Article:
Venn diagram of Waiter/HeadChef relationships

HeadChef is a part-public, part-internal class that has its own HeadChefForWaiter and HeadChefForSousChef objects, which themselves are defined as protocols that must be implemented concretely as specific classes. These specific classes are referred to as Facets, as in facets of a personality (and also in reference to the Facade design pattern).

public protocol HeadChefFacet: class {
    init(_ headChef: HeadChef, _ key: String)

public protocol HeadChefForWaiter: HeadChefFacet {
    func give(_ order: CustomerOrder, _ key: String)

public protocol HeadChefForSousChef: HeadChefFacet {
    func give(_ prep: InternalOrder)

public protocol HeadChefProtocol {
    func forWaiter(_ key: String) -> HeadChefForWaiter?
    func forSousChef(_ key: String) -> HeadChefForSousChef?
    func waiter(_ key: String) -> WaiterForHeadChef?

internal protocol HeadChefInternalProtocol: ComplexColleagueProtocol, StaffMember {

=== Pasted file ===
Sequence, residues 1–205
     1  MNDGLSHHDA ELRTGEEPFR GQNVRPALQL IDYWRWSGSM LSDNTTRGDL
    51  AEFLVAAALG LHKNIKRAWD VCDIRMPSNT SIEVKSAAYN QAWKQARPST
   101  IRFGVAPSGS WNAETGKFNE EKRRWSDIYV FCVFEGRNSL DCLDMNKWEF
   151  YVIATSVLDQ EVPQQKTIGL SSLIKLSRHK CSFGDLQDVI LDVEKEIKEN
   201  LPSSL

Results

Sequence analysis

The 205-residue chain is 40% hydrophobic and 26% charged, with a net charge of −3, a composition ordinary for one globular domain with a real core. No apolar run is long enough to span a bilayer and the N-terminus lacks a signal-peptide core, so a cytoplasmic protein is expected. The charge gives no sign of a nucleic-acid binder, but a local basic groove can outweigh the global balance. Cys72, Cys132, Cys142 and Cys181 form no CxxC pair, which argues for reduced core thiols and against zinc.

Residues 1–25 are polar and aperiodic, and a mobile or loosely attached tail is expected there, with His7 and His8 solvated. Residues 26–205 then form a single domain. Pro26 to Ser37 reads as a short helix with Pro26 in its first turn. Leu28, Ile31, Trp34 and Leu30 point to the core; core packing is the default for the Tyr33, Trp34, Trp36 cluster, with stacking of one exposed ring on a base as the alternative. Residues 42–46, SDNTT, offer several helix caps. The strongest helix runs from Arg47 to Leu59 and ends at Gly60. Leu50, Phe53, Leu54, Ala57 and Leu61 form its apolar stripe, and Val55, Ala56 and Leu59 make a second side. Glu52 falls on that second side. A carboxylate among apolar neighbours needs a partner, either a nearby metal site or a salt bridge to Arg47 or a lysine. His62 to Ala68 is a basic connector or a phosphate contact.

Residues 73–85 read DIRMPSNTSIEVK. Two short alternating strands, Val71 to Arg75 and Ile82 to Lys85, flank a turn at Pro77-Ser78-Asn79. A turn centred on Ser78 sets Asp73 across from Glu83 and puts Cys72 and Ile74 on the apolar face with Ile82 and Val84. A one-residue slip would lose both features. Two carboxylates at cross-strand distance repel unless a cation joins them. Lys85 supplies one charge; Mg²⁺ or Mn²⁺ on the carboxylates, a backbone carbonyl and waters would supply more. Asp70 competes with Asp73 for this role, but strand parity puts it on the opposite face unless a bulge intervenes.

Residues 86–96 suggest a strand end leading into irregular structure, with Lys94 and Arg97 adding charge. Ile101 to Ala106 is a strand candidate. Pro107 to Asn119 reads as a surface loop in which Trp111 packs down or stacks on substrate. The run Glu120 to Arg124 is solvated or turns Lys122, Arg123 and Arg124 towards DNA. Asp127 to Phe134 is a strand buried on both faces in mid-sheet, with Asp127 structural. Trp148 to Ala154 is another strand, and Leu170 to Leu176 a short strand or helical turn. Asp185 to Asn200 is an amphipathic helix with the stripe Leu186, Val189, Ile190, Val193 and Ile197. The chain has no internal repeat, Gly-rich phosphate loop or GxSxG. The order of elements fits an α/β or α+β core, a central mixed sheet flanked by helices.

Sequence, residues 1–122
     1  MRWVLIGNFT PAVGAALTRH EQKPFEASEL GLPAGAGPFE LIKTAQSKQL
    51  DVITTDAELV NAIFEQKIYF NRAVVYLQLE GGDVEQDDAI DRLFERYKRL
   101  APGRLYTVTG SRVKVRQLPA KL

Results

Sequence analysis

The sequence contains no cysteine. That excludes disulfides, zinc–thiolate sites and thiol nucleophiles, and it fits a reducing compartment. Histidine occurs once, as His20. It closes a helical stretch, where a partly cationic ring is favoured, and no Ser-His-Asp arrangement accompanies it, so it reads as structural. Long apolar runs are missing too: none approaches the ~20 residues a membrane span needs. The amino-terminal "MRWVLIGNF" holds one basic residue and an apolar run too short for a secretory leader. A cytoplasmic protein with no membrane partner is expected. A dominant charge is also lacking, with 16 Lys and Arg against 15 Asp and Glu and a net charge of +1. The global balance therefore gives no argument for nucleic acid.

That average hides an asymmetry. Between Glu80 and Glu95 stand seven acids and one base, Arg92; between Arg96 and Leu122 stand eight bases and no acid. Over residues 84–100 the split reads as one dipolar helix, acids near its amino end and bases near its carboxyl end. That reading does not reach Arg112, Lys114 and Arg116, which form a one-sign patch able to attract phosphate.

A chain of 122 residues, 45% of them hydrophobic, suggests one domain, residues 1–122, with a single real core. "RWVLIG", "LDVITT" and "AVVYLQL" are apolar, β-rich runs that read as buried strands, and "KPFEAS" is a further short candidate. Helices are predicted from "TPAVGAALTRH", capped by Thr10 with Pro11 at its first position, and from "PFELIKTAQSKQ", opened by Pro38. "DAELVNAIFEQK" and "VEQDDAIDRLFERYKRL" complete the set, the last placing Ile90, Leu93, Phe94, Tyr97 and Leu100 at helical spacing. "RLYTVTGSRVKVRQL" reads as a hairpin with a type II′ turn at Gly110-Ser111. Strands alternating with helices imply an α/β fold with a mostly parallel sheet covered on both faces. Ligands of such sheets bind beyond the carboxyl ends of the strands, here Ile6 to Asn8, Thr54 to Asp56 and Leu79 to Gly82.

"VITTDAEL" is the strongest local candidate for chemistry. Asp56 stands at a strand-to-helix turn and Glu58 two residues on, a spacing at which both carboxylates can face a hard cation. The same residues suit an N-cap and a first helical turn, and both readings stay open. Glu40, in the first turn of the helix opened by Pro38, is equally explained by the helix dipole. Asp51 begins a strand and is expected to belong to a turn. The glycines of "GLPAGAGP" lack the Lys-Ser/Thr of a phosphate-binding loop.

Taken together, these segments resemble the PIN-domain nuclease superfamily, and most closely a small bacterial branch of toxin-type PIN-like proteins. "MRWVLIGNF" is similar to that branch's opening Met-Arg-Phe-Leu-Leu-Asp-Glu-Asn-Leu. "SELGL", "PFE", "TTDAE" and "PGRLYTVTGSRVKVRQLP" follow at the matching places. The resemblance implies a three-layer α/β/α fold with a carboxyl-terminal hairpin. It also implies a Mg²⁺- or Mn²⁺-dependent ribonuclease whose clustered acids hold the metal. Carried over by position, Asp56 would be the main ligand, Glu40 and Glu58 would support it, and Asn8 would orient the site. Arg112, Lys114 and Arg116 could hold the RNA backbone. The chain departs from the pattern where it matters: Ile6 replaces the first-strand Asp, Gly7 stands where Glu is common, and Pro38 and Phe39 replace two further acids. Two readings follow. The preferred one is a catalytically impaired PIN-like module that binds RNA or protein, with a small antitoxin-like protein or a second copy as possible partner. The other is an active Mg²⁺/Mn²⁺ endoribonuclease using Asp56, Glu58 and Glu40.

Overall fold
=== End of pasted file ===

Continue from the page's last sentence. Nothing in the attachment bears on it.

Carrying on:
_ key: String,
        _ forWaiterType: HeadChefForWaiter.Type?,
        _ forSousChefType: HeadChefForSousChef.Type?,
        _ resources: [String: KitchenResource]?)
    func inject(_ waiter: WaiterForHeadChef?)

public class HeadChef: HeadChefInternalProtocol {

extension HeadChef: HeadChefProtocol {

A HeadChef‘s internal functionality is entirely concerned with dependency injection, whilst its public functionality is entirely concerned with granting access to its other facets. Keys are passed around internally in order to ensure that only facets of, say, a HeadChef can access both: its other facets; and also facets in its overlapping objects, in this case the WaiterForHeadChef object of a Waiter instance.

class SomeHeadChefForWaiter: HeadChefForWaiter {
    private let headChef: HeadChef
    private let key: String

    required init(_ headChef: HeadChef, _ key: String) {
        self.headChef = headChef
        self.key = key

    func give(_ order: CustomerOrder, _ key: String) {
        headChef.waiter(key)?.serve(main: FulfilledOrder("dishCooked"))

The Roles in Dertisch

D is for The Maître D

The head waiter. The Maître D is classically a VIPER routing, which controls the addition and removal of views and manages relationships between customers, waiters, and head chefs.